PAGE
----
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We’re still friends, why do we need a ‘legal’ property settlement?

Nov 11, 2019

We’re still friends, why do we need a ‘legal’ property settlement?

Many couples separate on good terms, which is great. The breakdown of a relationship can be difficult, however putting differences aside to move forward can be beneficial, particularly where children are concerned.

Former partners who remain on good terms may choose to make informal arrangements regarding the division of their property. However, the failure to legally document a property settlement can be unwise, particularly where the parties have acquired assets and / or liabilities.

In most cases, even if you are a ‘happily separated couple’, there are many reasons to seek independent advice and have your financial affairs legally finalised. The following are some of these reasons.

Taxation implications

Understanding the tax implications of a proposed property settlement and structuring the division of assets accordingly can have a significant impact on the net result for both parties.

Capital Gains Tax (CGT) is the financial gain made on the disposal of an asset. It is assessable income and must be included in a tax return.

Although the transfer of a matrimonial home between a separating couple does not generally attract CGT under the main residence exemption provisions, CGT liabilities may be triggered when transferring assets such as investment properties, collectables and certain other personal items. The Income Tax Assessment Act 1997 (Cth) however provides roll-over relief in certain circumstances pursuant to a financial agreement or consent orders made under the Family Law Act. This means that any CGT liability is deferred until such time as the asset is later transferred by the party acquiring it, although the asset will remain subject to the same CGT conditions as it was before the transfer.

A potential future CGT liability is an important consideration when negotiating a property settlement. For example, many people do not consider the Capital Gains Tax liability if an investment property held in one party’s name is sold and the proceeds divided equally without funds set aside to meet this liability. This could leave either you or your former partner dealing with the entirety of the liability rather than a fairly apportioned amount. Care should also be taken when dealing with companies and trusts where various transactions could raise CGT issues.

Although family lawyers do not provide financial advice, they can flag potential tax issues and recommend working with an accountant and/or financial planner to ensure a property settlement delivers the most viable results and avoids, wherever possible, unexpected tax liabilities.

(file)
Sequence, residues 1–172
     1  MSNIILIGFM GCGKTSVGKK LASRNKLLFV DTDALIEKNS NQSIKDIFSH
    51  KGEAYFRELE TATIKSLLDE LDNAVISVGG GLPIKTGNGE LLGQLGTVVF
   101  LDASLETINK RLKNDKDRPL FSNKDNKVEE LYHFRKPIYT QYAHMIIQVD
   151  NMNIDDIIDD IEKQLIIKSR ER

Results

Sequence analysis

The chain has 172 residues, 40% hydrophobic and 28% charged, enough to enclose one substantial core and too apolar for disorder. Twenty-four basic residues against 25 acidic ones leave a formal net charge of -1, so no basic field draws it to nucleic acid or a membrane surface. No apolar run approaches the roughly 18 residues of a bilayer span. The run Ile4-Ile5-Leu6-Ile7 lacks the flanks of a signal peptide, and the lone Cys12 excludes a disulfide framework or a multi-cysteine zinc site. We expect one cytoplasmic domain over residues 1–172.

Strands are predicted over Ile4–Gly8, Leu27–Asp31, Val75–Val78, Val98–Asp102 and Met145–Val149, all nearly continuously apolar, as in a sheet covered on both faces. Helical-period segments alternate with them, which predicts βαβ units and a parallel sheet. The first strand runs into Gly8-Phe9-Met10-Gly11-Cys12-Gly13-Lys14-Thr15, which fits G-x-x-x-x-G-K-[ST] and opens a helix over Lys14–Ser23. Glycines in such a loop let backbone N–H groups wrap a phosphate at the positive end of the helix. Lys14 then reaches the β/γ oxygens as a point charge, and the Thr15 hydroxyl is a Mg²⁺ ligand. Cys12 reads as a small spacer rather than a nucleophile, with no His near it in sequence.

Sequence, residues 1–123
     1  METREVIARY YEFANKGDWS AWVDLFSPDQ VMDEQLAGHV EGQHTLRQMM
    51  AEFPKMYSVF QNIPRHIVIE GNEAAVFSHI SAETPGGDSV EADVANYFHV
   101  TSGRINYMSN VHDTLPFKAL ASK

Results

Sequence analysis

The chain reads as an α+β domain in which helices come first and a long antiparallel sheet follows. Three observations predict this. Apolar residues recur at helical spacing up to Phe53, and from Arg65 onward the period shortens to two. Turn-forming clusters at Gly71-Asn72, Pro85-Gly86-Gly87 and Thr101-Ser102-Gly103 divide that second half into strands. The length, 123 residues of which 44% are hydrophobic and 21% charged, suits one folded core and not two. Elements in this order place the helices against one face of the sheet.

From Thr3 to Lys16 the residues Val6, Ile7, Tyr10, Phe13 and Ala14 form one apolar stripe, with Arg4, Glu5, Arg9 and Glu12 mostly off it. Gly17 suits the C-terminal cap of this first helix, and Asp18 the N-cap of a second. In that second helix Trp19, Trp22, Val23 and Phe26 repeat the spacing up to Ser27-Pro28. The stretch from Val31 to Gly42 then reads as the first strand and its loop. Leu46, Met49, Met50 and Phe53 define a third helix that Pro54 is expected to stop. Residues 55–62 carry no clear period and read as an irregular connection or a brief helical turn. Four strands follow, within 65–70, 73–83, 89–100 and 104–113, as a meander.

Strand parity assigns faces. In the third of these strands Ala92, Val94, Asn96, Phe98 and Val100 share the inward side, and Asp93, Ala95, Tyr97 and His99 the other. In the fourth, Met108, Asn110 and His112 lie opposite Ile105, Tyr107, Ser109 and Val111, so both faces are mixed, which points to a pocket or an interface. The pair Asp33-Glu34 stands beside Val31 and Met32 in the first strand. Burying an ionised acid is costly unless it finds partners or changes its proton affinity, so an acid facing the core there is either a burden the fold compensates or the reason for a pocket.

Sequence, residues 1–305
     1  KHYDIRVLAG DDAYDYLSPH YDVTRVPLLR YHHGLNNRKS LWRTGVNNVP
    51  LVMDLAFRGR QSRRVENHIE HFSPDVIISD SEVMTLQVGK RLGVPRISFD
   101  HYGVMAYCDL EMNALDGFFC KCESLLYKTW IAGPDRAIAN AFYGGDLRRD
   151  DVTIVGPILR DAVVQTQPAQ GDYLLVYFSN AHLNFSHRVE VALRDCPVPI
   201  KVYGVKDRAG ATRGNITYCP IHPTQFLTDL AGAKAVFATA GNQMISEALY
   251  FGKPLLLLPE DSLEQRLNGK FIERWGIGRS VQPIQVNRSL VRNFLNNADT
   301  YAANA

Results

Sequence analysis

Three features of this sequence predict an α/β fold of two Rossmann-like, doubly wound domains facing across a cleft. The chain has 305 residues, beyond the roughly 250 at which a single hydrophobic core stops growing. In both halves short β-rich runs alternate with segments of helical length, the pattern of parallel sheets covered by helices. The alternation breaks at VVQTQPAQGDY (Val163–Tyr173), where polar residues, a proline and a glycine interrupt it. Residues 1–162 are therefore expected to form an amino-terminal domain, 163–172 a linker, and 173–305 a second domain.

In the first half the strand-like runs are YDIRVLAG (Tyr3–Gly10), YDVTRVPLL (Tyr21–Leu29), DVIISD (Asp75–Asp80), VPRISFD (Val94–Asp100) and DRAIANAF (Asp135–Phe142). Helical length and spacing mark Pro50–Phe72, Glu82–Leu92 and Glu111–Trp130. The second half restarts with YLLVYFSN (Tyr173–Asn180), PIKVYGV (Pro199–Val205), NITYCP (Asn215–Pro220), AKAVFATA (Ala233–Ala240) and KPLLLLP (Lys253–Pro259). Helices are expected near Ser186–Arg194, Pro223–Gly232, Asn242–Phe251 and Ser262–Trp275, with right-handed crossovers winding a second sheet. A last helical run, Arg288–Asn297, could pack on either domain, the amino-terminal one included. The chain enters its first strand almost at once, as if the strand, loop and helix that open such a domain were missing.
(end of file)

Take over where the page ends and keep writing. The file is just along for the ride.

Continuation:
Claims on post-separation assets

An informal property settlement is not legally recognised as bringing the couples’ financial affairs to finality, even if negotiations have been put in writing. This may include a subsequent claim by either party on post-separation assets, income and inheritances. The parties are also left vulnerable should one of them become bankrupt and the joint ownership of assets has not been severed.

The failure to formally discharge obligations under a joint loan or guarantor arrangements can also leave a party in a precarious financial state.

An informal settlement may not preclude one party, particularly if his or her financial circumstances change, from applying for a different division of property through the Court at a later time.

Finalising your property division

Once separated parties have agreed on the division of assets and liabilities, and obtained independent legal and / or financial advice, the negotiations can be made legally binding through a financial agreement or by consent orders.

A financial agreement is a contract between the parties – each have certain rights and responsibilities and must perform their obligations according to its terms. Financial agreements are not approved by the Court but, provided they are properly prepared, and each party obtains independent legal advice, they are generally enforceable by a Court.

Consent orders are similar to financial agreements however a Court must approve the proposed orders. The parties to consent orders do not usually need to attend Court for the orders to be finalised.

Financial agreements or consent orders may provide for a range of matters concerning the division of assets and liabilities, including:

  • the transfer of property from one party to the other;
  • the payment of funds in exchange for the transfer of property;
  • a declaration of interest in property;
  • the sale of real estate or other property including terms regarding the appointment of an agent, method of valuation and distribution of surplus funds;
  • the splitting of superannuation;
  • requirements for paying out loans, credit cards and closing bank accounts;
  • financial support (maintenance) of one spouse by the other; and
  • any incidental issues.

Conclusion

Your family lawyer will endeavour to ensure you are fully aware of the implications of a proposed property settlement, flag potential taxation issues and address future matters that may not have been contemplated between you and your former partner. The negotiations can then be recorded in a legally binding agreement.

If you or someone you know wants more information or needs help or advice, please contact us on 03 8415 5600 or email reception@hartleyslawyers.com.au.

Phone Number: 1300 1 LEGAL
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